An Unrivaled Collection: The Norton Anthology of Theory and Criticism offers nearly twice the number of selections in other leading anthologies and more twentieth-century selections than any other text (including anthologies devoted solely to the twentieth century). This historical breadth of coverage and depth of selectionespecially within the twentieth centurymake The Norton Anthology of Theory and Criticism the perfect choice for nearly any theory and criticism course.
Continuity and Connections: The works in The Norton Anthology of Theory and Criticism have been chosen not only because they are individually important but also because they speak to each other, providing students with a rich portrait of the ongoing "critical conversation." Where appropriate, the editors link classical, medieval, and early modern critics to contemporary theorists and movements as well as to other classical, medieval, and early modern critics. Throughout the twentieth-century selections, the editors trace the complex web of interrelated ideas and explicit influences.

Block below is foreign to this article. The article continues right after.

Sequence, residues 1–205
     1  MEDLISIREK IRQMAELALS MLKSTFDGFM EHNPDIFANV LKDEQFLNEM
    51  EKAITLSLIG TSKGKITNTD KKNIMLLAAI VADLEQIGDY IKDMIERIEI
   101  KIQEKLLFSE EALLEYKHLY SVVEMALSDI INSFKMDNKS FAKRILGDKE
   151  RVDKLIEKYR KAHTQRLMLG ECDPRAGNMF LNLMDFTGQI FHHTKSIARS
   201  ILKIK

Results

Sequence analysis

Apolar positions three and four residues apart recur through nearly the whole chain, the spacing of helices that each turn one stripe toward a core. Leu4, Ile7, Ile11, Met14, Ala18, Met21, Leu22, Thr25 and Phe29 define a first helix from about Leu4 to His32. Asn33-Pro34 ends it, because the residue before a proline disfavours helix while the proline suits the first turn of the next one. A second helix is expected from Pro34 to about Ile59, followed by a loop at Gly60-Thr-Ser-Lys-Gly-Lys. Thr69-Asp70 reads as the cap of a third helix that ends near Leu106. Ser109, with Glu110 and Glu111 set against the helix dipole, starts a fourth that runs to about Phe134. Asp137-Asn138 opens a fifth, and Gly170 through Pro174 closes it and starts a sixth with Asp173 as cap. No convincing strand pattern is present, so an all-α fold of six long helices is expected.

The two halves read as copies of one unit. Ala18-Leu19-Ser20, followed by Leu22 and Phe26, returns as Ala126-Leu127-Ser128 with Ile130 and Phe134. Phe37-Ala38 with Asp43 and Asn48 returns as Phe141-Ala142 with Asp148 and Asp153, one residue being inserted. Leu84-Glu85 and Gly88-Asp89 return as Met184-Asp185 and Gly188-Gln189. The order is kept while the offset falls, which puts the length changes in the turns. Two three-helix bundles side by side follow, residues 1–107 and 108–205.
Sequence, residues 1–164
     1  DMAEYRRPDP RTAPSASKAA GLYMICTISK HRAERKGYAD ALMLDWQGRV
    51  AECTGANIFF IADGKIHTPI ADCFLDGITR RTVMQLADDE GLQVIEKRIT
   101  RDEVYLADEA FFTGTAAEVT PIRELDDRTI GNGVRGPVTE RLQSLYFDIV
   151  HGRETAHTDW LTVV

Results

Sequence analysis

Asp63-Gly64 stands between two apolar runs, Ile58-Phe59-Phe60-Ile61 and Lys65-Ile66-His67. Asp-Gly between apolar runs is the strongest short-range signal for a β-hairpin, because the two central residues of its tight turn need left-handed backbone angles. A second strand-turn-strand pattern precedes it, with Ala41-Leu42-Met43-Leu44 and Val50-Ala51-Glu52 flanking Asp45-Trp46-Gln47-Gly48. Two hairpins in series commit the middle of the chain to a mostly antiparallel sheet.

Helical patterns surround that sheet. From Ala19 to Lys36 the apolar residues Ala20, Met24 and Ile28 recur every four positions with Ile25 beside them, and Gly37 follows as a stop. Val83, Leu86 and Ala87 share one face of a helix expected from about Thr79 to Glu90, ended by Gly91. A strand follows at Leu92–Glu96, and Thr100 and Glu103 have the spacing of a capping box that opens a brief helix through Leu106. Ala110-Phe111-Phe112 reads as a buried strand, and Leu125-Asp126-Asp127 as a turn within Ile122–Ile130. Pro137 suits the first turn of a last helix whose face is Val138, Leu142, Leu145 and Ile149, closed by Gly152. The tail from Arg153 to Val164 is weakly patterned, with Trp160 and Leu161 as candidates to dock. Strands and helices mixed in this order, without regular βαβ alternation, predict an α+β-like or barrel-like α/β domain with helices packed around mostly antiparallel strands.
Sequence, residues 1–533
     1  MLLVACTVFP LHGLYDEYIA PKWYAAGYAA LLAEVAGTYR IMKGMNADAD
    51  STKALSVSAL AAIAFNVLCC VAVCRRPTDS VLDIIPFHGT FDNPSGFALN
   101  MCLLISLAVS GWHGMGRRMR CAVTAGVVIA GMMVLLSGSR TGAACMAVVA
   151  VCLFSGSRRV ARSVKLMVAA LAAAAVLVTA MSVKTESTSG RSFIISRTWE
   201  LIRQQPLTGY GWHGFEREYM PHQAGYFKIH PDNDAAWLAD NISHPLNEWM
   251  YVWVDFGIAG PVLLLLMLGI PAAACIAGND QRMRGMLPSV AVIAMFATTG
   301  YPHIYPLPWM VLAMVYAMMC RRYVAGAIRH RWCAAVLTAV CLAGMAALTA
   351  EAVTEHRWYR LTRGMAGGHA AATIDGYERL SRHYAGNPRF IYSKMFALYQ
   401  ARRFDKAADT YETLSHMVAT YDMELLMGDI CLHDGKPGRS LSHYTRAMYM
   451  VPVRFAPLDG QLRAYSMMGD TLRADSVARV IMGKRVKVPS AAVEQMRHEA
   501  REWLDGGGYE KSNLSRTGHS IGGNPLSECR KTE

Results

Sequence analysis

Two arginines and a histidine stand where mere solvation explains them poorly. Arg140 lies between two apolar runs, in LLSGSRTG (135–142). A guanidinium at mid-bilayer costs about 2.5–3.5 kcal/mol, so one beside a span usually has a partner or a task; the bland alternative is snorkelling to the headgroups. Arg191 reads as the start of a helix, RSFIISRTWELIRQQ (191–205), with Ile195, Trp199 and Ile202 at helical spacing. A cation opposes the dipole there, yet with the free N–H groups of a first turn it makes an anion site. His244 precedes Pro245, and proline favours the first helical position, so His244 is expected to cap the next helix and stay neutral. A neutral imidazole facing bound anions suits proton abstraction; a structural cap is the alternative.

General Introduction: A 30-page introduction surveys the history of criticism and theory and provides an overview of the many schools and movements that make up the contemporary theoretical landscape.
Headnotes: Each of the 169 figures represented in The Norton Anthology of Theory and Criticism is treated in an informative headnote that not only introduces the writer's life and thought but also connects the writer to other critics, theorists, and movements.
Bibliographies: Each author headnote is followed by a selected bibliography. A detailed, annotated general bibliography at the end of the volume is divided into historical periods and major schools and movements. This material makes The Norton Anthology of Theory and Criticism a valuable reference for scholars as well as a useful teaching anthology.
Annotations: In the Norton tradition, The Norton Anthology of Theory and Criticism's annotations are extensive, helpful, and as unobtrusive to students' own interpretive work as possible....Continua